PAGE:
By the time he finishes medical school, Dan Kaelberer will have completed 25 grades since kindergarten, learned about 13,000 new words and figured out a thing or two about bedside manner.
But he probably won't have an answer to the No. 1 question on the mind of the average patient: Why do doctors leave us flipping through old copies of Popular Mechanics in the waiting room for an hour before they'll see us for a five-minute visit?Dan sighs and digs into his soft-shell taco. We're sharing a Free Lunch in the University of Utah Medical Center cafeteria with about 150 doctors, nurses, secretaries and tired-looking medical students like Dan who are cramming for exams.
"Good question," says Dan, 27, a wiry young man in sandals and khaki shorts who goes everywhere these days with an Army green backpack stuffed with medical textbooks. "I don't think they have a class on how to deal with irate patients. That's something I'll have to learn from experience."
If all goes as planned, Dan will be leaving any angry queries to his office staff about six years from now while he focuses on the job he's dreamed about since he was a junior at Highland High School.
He hopes to become an obstetrician-gynecologist (that's OB-GYN in medical jargon) -- "the only job where patients are there because they want to be, not because they have to," he says. "A hospital delivery ward is usually a happy place, a place for celebration. I'd love to be a part of that. Delivering babies would be awesome."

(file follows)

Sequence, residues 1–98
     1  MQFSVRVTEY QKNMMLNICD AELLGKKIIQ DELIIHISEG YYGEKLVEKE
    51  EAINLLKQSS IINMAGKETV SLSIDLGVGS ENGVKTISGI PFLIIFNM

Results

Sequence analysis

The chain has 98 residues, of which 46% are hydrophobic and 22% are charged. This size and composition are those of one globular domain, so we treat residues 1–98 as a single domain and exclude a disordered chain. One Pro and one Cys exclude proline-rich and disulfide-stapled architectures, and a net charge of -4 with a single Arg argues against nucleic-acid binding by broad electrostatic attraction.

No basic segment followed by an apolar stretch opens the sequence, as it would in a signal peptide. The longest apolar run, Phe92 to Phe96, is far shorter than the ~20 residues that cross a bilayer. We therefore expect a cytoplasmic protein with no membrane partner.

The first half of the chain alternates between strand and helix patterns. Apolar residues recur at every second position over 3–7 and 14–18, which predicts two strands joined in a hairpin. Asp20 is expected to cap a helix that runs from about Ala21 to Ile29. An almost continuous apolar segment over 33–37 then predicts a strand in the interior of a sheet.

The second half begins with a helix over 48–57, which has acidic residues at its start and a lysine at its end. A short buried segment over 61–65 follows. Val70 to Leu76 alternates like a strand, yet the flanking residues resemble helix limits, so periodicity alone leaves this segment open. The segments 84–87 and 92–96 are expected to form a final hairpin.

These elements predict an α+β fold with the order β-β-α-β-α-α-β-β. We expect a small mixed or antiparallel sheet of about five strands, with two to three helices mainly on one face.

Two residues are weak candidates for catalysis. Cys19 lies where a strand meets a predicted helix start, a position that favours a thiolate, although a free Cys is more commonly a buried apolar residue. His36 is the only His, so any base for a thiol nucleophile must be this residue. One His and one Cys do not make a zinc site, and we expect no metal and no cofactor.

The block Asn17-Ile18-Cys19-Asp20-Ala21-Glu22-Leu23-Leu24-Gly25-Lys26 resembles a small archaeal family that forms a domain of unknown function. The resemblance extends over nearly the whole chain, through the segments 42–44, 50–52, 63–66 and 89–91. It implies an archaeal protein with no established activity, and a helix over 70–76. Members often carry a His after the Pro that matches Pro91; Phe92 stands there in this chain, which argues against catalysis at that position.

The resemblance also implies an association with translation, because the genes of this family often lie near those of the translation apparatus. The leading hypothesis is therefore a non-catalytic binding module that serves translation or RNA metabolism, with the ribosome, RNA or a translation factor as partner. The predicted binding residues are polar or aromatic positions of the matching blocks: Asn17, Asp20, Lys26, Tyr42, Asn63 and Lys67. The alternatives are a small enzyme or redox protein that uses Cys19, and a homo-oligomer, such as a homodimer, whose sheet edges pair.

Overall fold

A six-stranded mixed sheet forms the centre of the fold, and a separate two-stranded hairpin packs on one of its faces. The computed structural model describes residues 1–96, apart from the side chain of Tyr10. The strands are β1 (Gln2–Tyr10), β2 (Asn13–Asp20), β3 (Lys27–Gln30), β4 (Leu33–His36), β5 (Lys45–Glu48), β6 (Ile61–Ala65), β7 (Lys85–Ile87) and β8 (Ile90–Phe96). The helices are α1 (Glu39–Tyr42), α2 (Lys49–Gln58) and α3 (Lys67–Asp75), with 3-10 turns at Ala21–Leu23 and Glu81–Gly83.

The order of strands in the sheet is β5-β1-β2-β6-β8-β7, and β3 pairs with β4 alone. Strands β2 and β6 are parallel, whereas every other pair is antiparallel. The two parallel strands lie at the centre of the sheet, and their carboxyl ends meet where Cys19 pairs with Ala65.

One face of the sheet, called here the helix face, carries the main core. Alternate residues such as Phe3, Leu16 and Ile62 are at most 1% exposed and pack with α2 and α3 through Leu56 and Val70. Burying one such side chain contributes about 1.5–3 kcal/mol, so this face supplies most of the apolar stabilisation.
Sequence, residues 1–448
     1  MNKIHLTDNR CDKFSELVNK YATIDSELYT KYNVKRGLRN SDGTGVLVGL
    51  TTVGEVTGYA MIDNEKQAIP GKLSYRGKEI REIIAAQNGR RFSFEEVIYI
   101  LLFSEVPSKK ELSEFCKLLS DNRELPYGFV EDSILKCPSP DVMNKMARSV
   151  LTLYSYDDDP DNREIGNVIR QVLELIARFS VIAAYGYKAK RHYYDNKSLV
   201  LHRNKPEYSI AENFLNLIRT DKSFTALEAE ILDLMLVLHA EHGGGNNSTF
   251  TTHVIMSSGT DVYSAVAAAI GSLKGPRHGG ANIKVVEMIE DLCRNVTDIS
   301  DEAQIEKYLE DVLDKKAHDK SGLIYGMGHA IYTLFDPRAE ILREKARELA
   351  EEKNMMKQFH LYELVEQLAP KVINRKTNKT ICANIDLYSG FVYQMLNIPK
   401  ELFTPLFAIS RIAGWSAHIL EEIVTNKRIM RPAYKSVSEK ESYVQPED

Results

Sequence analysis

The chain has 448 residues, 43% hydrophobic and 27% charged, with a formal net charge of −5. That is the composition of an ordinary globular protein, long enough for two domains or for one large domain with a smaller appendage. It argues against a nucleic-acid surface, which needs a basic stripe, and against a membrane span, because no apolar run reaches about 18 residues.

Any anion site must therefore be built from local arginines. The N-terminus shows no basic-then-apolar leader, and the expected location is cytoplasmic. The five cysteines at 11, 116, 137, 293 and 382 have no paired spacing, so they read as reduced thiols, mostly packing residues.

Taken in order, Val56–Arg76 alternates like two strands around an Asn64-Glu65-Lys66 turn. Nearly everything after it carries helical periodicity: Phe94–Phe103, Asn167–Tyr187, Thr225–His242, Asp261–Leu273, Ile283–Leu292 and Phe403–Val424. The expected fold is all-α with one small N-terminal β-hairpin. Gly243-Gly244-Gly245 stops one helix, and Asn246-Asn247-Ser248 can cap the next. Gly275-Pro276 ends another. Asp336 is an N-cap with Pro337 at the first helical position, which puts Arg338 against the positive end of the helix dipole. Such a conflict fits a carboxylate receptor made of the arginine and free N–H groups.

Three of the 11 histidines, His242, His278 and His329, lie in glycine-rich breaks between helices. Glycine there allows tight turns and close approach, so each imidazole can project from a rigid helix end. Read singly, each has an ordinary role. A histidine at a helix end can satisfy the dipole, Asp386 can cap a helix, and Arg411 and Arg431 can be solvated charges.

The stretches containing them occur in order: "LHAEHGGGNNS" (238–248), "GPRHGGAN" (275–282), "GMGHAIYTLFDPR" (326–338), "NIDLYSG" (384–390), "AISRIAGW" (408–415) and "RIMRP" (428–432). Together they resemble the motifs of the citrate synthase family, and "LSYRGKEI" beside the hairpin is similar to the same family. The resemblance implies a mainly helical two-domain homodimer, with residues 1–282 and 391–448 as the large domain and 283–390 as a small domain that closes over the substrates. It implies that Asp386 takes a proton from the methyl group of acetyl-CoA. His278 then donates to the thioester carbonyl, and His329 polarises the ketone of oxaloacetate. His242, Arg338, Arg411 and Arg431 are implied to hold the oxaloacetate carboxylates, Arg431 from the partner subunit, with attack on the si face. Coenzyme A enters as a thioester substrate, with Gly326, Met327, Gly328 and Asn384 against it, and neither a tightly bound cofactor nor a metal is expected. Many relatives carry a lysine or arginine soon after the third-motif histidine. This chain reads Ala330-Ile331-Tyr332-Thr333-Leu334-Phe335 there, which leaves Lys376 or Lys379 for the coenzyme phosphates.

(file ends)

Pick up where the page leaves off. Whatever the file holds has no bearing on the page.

Dan requested a hospital get-together because he hopes to give people a realistic idea of what medical students are really like. "We're not all super smart and well off," he says. "That's such a stereotype. The truth is, a lot of us are barely getting by."
As a full-time student and the father of a 2-year-old son, Matthew, Dan could certainly use a free lunch now and then. He and his wife, Lindsay, live in a one-bedroom basement apartment and scrape by with help from student loans and creative recipes made with spaghetti or tuna fish.
When Dan graduates in 2001 and moves on to a four-year residency somewhere, he figures he'll owe more than $100,000 in loans. But what's money, he says, when you're pursuing a dream? Two and a half years ago, Dan was slinging manure at his uncle's compost company when his wife called to let him know a letter had arrived from the U. School of Medical Science. Dan was certain it was a letter of rejection, since only 100 applicants are accepted each year.
"When she opened it and told me I was in, I couldn't believe it," he says. "Especially when I found out that 1,400 people had applied."
It isn't every day that one gets a chance to leap from manure to medicine. Although there's probably a joke in there somewhere for Jay Leno, Dan's aim is to make every moment count, even the bad ones.
"I've heard horror stories about third year -- the year that I'm about to start," he says. "That's when you learn the hands-on basics of medicine. You'll be up 36 hours on call in the E.R., when a gunshot wound trauma will come in and you'll be sitting there with your hand in somebody's stomach, holding an artery. Yeah, it can get pretty ugly, third year."
After lunch, Dan heaves his backpack over his shoulder and takes me up to the nursery to look at the newborns. "Aren't they incredible?" he says. "In six months, I'll be training here. I can't wait.
"My sister let me watch her C-section," he adds, "but when my wife had Matthew, she wasn't as willing." He pauses and grins. "She wanted my help at the other end."
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